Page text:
Sometimes it is easier to satisfy a craving. Because if you don’t, you will turn into a very grumpy cookie monster.
That was how we solved the “What shall we have for dinner?” question last night. I had a culinary itch to satisfy. I wanted appetizers for dinner. If my husband can have breakfast for dinner, then I want to have my appetizers and eat them.
You don’t need a flight ticket and a passport to go to the American Midwest. Just make a dinner reservation at Betty’s Midwest Kitchen, and let your tastebuds do the tasting. It’s a restaurant that was founded and managed by a family for the happiness and satisfaction of your family!
Their menu covered a vast array of your typical American favourites, from hot dogs to steaks for your main course, with ice cream, puddings, and apple crumble for your just desserts. Let me take you on a culinary journey with a sprinkle of history.
Our first order was the pigs-in-a-blanket. Little sausages wrapped in bacon strips, and drizzled with what tasted like honey. Mmm, it was a basketful of sweetness and saltiness. Well, you certainly can’t get anymore American with this dish. There are many variations of it, but the origins date back to as far as the 1600s.
It was believed that the field labourers in England back then had what was essentially the same dish, except that theirs involved wrapping meat in dough. It was their idea of a quick and nourishing meal on-the-go. Now that’s what I call fast food!
Still, other legends had attributed its creation to the far east. There were claims that the Asian cultures used fish instead of red or processed meat, while the Americans preferred hot dogs and biscuits. Whatever the origins were, this little delight has become a favourite among the folks with the stars-and-stripes flag.
Next, we have the mozzarella sticks. Melted mozzarella cheese covered in batter, and deep fried. I would recommend this appetizer for folks who are on their cheat days. It might sound bad for you, but it tastes really great! Think about the chewy, stretchy sensation of the melted cheese, the crumbling batter as you take a delicate chunk of the stick. Ooh… I could have had more if it wasn’t for my feverish state.
Unfortunately for the cheesy goodness, the mozzarella sticks did not originate from the United States. There aren’t many records that state where it came from, but what is really known is the first documented practice of breading cheese and frying it in oil dated back to Medieval France. The idea of fried cheese has since taken many forms and gone by many names: fried curds, fried halloumi, smazeny syr, queso frito. It also depends where you see these names.
Well, well, look what we have here. The American hotdog. As described in the menu on the website of Betty’s Midwest Kitchen, the American hotdog comes with grilled pork bratwurst in a hotdog bun served with our own gherkins and onion relish and served on a basket of fries. Are you salivating yet?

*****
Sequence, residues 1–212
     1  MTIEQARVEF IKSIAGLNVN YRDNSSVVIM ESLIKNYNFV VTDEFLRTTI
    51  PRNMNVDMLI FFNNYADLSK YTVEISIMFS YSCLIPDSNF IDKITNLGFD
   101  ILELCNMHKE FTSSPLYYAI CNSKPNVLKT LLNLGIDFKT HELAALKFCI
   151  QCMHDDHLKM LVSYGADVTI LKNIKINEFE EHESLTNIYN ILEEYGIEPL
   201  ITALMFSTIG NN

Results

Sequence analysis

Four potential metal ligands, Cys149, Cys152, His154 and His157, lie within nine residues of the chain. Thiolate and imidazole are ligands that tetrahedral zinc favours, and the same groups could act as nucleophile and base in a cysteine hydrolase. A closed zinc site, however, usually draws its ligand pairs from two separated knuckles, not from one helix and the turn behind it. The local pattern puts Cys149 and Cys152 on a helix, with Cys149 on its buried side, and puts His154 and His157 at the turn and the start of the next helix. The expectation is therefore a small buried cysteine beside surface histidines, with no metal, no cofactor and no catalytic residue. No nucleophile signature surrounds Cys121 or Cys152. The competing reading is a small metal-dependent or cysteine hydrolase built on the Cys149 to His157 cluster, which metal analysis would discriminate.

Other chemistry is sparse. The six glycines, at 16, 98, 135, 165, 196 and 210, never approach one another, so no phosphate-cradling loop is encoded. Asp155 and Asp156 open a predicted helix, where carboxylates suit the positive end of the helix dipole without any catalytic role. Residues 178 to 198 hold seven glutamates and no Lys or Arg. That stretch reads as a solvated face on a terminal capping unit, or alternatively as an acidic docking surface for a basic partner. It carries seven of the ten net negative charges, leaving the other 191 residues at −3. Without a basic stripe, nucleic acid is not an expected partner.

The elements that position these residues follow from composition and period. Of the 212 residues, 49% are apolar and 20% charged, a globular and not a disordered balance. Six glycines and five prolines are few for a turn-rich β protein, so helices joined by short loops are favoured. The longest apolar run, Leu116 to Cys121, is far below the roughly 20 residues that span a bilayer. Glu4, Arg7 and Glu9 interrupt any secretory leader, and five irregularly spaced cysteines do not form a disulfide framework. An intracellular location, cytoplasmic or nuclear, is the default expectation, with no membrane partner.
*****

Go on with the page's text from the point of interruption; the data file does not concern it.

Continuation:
It’s a risk on my part to say or impart any knowledge on the whereabouts and birthplace of the hotdog, but hey, if you’re feeling curious and want to put that itch to rest, be my guest and browse this link: Hot Dog History | NHDSC. You’ll be surprised how much you will learn from it, unless you already knew them yourself!
Finally, we come to our just desserts. Bread pudding with two scoops of vanilla ice cream. The order naturally uses vanilla ice cream. What you see here are two different flavours: vanilla and toasted almond fudge. The restaurant owner shared with us their new dairy addition of Blue Bunny Premium Ice Cream, one of which was the toasted almond fudge.
A cushion of soft and steaming bread pudding served on a plate with two scoops of ice cream was the perfect way to end the day. Watch as your ice cream melts over the bread pudding, and when you take your first spoonful, you will wish you had more. Again, my feverish state last night overrode all my gastronomic sensations. Otherwise, I would have been able to enoy my just desserts.
Here’s my take on the place:
The service was excellent, as always. Not once have I been there that I was ignored or rebuffed. The restaurant is teeming with waitstaff, so much so you could have your choice of waiter, if you really wanted to.
The food was good; fresh, hot, and tasty. Being homemade and all (despite coming from a restaurant, LOL). By the way, we washed everything down with a bottle of Stewart’s root beer (and mine was a float).
The atmosphere was truly Midwest American. There were many porky figurines of various shapes and sizes dotted the cashier and the kitchen counter. Some were so adorable I felt tempted to nick a few! But each pig had been glued down to the ground to prevent thievery. Clever!